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psychosis - Singapore Mental Health Film Festival

Never give up

I have been suffering from Severe Depression, Borderline Personality Disorder and Trichotillomania since I was 11 years old. I envy my friends when they are able to tie their hair so nicely in different types of styles and also let it down without being self conscious like I do.

 

I have a lot of friends, I am very sociable but also extremely introverted. I have come to realise that I am that person that’s actually alone, surrounded with people that I am familiar with. Even at home. It’s not until I met a close friend that I’m comfortable with, only she knows the real me. 

 

She would try to stop me from plucking my hair when I am unconscious or doing it out of anxiety even though I would get angry at her after that. I guess, it’s true when they say that you’re not alone. You’re just not exploring the friend that will be more than willing to be your listening ear, a helping hand and shoulder to cry on.

 

Yes I admit I still do have my psychotic episodes but it is not as bad when you let it out to someone you trust and are comfortable with. It is NOT necessary to be alone all the time and keep it in you to the point where you would think “exploding” ー giving up on the efforts you have put in to be okay. It is okay to fall back down sometimes. But never give up.

 

Try it out, I gambled on trying to lift all the weight I have on my shoulders, it worked. Explore and have someone that would be in the same effort you put in to feel okay. 

The hardest part was self-stigma

The first time psychosis happened to me was in 2013. I was a graduate student then, back in Singapore for a short holiday. I was quiet and withdrawn. But no one thought much of it. It quickly spiraled into unexplained guilt and anxiety, such that I could not sleep. It went downhill all the way within days. Delusions of people harming me, stealing my identity, and having me under surveillance crept insidiously into my mind. I was scared, paranoid and full of delusions.

My poor family—they were at a loss, desperate, so much so that they sent me to the emergency room of the Institute of Mental Health (IMH), despite having misgivings about “the mental hospital”. The wait at the emergency room was probably the worst experience in my life. I could not respond to people, I could not walk and talk. I was too caught up in the dramatic delusions unfolding in my mind: I’m waiting to see a judge for my sins, I’m going to die so that my sister could live, I’m putting up a show for the best actress award.

Little did I know that going to IMH was the start of my recovery. Even in that dark valley, I was making my way toward getting the help I needed to get well. I was referred to the Early Psychosis Intervention Program (EPIP) and received quality medical and psychosocial care.

After a season of rest, I went back to grad school. I want to tell you that I kept psychosis at bay; that it did not return. But due to the mounting stress and pending deadlines of defense and thesis writing, I soon started to lose touch with reality again. The delusions were coming back. The line between what’s real and what’s not began to break down again. My thoughts were all over the place.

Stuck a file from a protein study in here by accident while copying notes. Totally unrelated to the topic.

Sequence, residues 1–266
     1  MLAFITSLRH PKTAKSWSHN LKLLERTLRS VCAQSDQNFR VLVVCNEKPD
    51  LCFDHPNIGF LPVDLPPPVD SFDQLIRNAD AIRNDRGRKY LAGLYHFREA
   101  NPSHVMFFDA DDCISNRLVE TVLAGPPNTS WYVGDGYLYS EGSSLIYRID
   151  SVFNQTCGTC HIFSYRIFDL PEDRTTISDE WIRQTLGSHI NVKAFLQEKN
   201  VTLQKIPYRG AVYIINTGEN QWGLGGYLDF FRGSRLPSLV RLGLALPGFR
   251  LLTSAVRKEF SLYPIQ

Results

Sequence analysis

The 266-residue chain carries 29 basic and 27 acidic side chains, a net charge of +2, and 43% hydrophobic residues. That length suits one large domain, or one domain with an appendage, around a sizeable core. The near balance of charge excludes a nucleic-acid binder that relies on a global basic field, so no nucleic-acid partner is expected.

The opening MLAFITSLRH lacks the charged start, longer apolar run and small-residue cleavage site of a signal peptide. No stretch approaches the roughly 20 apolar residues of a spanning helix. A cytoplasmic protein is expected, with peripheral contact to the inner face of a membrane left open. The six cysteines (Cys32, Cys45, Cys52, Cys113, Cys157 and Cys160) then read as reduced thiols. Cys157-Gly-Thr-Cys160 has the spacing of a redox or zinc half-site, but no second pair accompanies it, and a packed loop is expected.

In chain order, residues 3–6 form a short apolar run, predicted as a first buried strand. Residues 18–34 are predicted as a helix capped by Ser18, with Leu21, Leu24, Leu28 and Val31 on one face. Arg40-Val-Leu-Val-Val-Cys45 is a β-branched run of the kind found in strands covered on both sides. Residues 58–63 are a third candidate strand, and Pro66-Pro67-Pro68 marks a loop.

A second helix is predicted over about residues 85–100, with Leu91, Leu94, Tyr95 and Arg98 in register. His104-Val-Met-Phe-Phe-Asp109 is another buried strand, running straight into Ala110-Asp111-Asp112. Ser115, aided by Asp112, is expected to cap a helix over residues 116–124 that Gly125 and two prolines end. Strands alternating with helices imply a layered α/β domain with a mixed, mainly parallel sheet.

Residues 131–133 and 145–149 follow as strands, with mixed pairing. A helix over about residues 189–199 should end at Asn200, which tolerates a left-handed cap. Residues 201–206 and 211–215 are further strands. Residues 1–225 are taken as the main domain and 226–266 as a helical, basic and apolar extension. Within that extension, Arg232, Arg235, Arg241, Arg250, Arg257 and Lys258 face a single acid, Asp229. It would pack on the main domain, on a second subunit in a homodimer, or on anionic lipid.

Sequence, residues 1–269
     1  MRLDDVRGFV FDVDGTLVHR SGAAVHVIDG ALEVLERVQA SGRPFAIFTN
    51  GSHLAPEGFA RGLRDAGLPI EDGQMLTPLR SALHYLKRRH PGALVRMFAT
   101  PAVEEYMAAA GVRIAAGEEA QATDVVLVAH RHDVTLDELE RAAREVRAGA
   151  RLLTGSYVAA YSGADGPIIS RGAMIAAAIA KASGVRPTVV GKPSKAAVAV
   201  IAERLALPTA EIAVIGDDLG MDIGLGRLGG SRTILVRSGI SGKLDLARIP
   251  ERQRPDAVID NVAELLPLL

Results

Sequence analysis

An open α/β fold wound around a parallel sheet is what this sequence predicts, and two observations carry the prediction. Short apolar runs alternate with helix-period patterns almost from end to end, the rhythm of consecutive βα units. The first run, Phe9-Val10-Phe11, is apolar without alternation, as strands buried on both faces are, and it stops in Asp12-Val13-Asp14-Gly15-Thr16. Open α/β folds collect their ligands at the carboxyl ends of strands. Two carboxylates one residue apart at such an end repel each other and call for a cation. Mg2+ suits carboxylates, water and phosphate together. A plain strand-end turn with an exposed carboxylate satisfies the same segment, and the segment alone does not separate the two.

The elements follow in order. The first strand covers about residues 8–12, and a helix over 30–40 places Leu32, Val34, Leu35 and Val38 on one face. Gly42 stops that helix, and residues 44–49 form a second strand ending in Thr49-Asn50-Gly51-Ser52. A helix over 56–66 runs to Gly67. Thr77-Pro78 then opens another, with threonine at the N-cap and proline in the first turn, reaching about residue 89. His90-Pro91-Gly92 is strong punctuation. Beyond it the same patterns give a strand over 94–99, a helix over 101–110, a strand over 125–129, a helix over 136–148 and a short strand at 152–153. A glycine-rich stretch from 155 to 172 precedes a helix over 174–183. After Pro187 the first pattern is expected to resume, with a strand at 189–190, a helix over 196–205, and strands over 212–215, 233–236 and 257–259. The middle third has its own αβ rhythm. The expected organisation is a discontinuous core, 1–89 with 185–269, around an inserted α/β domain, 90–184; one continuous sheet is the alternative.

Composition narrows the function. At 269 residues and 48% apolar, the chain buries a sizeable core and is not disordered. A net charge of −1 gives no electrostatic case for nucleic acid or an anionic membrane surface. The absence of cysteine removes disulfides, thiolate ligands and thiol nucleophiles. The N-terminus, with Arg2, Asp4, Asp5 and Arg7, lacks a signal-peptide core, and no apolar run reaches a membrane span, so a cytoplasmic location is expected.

It helped that I had a doctor at the University Psychiatric Clinic. She picked up my call on the third ring. I found out later that she already knew that I was unwell when I talked to her on the phone. She had a team mobilised, ready to meet me during my consultation with her. At my vehement objections to hospitalisation, she sent me home that evening to rest after giving me some medication. I went back to her the next day and was given three weeks of medical leave. With the support of my family, friends and medical teams, I completed my thesis and defended my doctoral research work. I still look back in awe of how I managed those days. There may be some truths in the Permanent head Damage title.

I moved back to Singapore in 2015. Bright-eyed and willing, I found various job opportunities ranging from science writing to teaching to social service. I landed a job as a peer support specialist in 2016. I thought it was a dream come true. I found so much meaning in helping others with a similar psychiatric condition as me. Yet, it burnt me out quickly as I ran too fast, too far. I fell into a third relapse last December. To be honest, the hardest part of it all was that self-stigma. As I struggled with my mental health, I questioned if I was really unwell or was just seeking attention. I was well physically, but why can’t I sleep, eat or concentrate?

I am thankful to have supportive colleagues and family that tide me through that period. I took a leave of absence from work. As I rested, I turned to writing. It was a cathartic and healing experience for me. The burden of the burnout seems to melt away with every word that appeared on the word processor. Soon, I went back to work, and transferred to another department. Clinical work has taken its toll on me. For now, I am happy to relish in the backend research, and hone my skills as a wordsmith.